The report, produced jointly by the World Wide Fund for Nature (WWF) and Zoological Society of London, explains the interconnectedness between nature and Climate Change, and how the decline in the natural world has left its impact on people and biodiversity. Large displacement and deaths from increasingly frequent extreme weather events, increasing food insecurity, depleted soils, lack of access to fresh water, and an increase in the spread of zoonotic diseases are a few impacts it mentions. This edition of the Living Planet Report advises people to be ‘nature positive’ by 2030, urging for transformative changes in the way we live to reduce the root cause of natural degradation. It highlights The Amazon Assessment Report 2021, developed by more than 240 scientists, on the Amazon’s current state, threats, and the urgent action needed to conserve it.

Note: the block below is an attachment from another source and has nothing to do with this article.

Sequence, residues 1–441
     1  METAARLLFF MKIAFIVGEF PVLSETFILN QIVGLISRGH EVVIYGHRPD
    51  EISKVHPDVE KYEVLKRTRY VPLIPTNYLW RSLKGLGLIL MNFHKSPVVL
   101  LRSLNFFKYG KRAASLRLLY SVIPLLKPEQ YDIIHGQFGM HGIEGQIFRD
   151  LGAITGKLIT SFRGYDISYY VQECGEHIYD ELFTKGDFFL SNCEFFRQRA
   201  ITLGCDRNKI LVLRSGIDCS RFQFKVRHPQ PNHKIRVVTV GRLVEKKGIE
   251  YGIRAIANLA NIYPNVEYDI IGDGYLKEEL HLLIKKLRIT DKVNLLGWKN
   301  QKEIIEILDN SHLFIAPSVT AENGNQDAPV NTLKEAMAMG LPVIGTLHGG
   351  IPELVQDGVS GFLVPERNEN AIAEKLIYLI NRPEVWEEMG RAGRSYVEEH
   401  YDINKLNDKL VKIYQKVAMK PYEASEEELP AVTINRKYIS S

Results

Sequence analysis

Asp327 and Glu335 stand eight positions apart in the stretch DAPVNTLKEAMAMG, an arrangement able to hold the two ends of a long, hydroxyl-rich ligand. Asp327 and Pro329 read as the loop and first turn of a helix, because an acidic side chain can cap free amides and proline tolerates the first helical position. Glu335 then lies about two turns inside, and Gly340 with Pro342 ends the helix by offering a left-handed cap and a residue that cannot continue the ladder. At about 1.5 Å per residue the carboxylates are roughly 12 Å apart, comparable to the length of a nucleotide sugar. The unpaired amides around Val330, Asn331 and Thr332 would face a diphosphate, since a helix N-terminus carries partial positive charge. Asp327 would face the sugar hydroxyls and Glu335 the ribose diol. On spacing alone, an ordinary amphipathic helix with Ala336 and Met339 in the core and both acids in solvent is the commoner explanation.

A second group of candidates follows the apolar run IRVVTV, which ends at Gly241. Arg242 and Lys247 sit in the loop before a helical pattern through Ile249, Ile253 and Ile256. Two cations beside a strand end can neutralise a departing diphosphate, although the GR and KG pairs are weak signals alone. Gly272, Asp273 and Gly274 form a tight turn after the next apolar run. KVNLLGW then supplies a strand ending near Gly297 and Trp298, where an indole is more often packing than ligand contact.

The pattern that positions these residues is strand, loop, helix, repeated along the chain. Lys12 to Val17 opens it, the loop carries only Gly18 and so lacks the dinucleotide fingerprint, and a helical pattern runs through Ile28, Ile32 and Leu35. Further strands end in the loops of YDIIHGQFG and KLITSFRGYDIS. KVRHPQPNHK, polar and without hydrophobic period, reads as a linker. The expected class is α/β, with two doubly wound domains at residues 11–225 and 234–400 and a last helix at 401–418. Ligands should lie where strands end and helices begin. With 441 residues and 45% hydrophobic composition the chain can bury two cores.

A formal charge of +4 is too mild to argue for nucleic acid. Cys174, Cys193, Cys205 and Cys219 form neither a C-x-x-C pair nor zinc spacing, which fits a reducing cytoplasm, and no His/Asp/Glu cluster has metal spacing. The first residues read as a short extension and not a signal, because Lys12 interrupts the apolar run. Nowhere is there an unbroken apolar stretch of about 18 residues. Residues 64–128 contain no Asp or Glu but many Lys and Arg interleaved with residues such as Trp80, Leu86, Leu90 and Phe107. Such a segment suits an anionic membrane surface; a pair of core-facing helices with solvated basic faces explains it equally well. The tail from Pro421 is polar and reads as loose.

Attractive graphics and photographs explain the health and productivity of the earth, data and statistics show what the earth has lost underlining the urgency to save the ecosystem. The report uses new mapping analysis techniques to show a comprehensive picture of both the speed and the scale of changes in biodiversity and climate, and also features the new biodiversity risk maps generated for the Intergovernmental Panel on Climate Change’s Working Group 2. When governments protect 30 per cent of the world’s land, freshwater and oceans through rights-based and community-led approaches; tackle the drivers of nature loss that largely originate in the other 70 per cent; ratchet up their actions if they are collectively falling short; and commit the requisite resources for conservation and sustainable use of biodiversity, then a ‘nature positive’ world will be within reach, says the report.